U's oldest professor gives his last lecture – at age 91

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John Fraser Hart, the oldest professor at the University of Minnesota and one of the oldest still teaching in the nation, is retiring at the end of this school year.

The Star Tribune published a tribute to the 91-year-old geography teacher, noting the World War II veteran began his teaching career when Harry Truman was president and joined the University of Minnesota "at the dawn of the hippie era" in 1967.

Last year, CNN featured him in a story about some of the nation's oldest workers, calling him "the lifelong professor." The story added that Hart has published 15 books and taught more than 50,000 students during his tenure.

"I've learned a lot and I have a chance to share with students," he told the network. "Each year, I think I keep getting a little bit better at what I'm doing."

In his biography on the webpage for the Department of Geography, Environment and Society, Hart said, "I am just an old-fashioned country geographer who likes to make and use maps. I try to understand what I see as I ramble through rural areas, and I supplement my observations with census data and maps that are based on these data."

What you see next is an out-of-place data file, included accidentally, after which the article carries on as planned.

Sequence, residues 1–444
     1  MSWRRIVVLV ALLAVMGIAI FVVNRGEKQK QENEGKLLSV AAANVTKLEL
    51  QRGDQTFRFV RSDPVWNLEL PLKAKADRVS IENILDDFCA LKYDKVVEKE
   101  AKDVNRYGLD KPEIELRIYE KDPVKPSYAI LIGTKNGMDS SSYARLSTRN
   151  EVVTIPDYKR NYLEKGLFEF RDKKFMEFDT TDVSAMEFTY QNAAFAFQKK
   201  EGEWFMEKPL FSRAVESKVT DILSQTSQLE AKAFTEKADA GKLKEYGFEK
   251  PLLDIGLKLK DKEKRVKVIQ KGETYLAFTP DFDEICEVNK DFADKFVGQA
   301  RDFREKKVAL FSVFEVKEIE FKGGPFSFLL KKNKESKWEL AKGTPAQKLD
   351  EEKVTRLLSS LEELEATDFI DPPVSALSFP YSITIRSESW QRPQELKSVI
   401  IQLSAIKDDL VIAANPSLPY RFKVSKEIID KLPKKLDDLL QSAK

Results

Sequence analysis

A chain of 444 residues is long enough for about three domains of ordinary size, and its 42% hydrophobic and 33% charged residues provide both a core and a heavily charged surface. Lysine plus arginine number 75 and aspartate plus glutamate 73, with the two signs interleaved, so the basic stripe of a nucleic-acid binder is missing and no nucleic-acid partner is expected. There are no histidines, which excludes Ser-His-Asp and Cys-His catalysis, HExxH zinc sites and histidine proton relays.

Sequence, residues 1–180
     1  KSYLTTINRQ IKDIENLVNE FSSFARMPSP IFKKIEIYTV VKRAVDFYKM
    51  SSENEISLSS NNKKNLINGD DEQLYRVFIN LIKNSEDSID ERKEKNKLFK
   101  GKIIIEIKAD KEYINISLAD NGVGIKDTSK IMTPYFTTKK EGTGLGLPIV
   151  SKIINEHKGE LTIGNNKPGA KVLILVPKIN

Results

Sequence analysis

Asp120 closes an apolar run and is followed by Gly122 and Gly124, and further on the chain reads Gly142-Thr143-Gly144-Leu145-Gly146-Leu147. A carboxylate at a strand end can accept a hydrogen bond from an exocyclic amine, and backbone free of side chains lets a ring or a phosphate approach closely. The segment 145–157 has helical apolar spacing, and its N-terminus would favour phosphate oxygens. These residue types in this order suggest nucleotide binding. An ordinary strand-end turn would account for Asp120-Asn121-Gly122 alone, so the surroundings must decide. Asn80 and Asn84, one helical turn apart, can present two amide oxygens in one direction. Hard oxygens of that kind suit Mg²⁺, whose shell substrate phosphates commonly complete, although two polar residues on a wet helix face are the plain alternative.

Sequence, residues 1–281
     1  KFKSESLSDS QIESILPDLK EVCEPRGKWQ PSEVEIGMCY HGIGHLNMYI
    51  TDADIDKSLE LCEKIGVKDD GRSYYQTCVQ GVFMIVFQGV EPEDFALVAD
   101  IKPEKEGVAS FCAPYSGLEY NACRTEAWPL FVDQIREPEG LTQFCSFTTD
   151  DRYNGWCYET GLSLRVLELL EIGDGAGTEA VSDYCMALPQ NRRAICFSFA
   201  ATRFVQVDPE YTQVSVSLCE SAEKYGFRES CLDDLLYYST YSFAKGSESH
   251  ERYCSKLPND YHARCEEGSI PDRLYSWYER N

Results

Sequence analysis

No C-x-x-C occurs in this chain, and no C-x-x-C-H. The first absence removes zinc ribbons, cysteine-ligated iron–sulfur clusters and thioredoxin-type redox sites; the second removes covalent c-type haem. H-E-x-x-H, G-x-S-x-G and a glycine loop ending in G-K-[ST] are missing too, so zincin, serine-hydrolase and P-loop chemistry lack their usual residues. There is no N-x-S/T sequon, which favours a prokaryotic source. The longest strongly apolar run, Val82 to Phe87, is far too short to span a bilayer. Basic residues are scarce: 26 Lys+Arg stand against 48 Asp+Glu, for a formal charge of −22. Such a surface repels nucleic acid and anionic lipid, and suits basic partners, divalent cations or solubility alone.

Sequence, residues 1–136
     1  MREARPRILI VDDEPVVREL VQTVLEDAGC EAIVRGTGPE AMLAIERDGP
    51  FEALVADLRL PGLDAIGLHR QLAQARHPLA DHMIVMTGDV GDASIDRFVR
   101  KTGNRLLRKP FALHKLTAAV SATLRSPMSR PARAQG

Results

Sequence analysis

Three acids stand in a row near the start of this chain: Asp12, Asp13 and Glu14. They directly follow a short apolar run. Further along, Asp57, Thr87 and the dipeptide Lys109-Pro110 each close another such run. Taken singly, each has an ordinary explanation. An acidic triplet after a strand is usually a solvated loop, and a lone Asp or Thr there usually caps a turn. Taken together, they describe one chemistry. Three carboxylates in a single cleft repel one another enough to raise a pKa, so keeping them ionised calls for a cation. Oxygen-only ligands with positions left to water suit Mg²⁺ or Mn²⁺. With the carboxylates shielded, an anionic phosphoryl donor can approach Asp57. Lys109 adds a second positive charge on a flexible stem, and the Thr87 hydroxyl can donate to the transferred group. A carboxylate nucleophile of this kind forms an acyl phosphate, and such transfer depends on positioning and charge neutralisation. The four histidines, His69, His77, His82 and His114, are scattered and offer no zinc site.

The Associated Press notes nearly 40 percent of the university's Twin Cities campus faculty members are 55 or older. Brian Buhr, dean of the university's College of Food, Agriculture and Natural Resource Sciences said employees are working longer hours than ever before and they’re retiring later.

A story highlighting his career published on the university's webpage for the College of Liberal Arts notes Hart's lectures are often accompanied by a slide show, using the thousands of images he has taken in his years of scholarship.

The university ended a policy mandating retirement at age 70 just before Hart’s 70th birthday. But he didn't go soft as he stayed in the classroom. The Star Tribune story said he's "bragged that a third of his students fail his first exam."

Hart was the son of a history professor, raised in Virginia during the Depression. He became a naval intelligence officer on an aircraft carrier in the Pacific in World War II, which inspired his field of study.

“We were part of the fleet that occupied Japan,” he told the newspaper. “I saw a lot of geography, and I was curious about it. I wanted to know more about the places I’d been.”

The U will try to preserve Hart's classroom legacy. Archivists have begun digitizing thousands of his slides, and Hart has been recording some of his lectures in a studio. They may appear online at some point.

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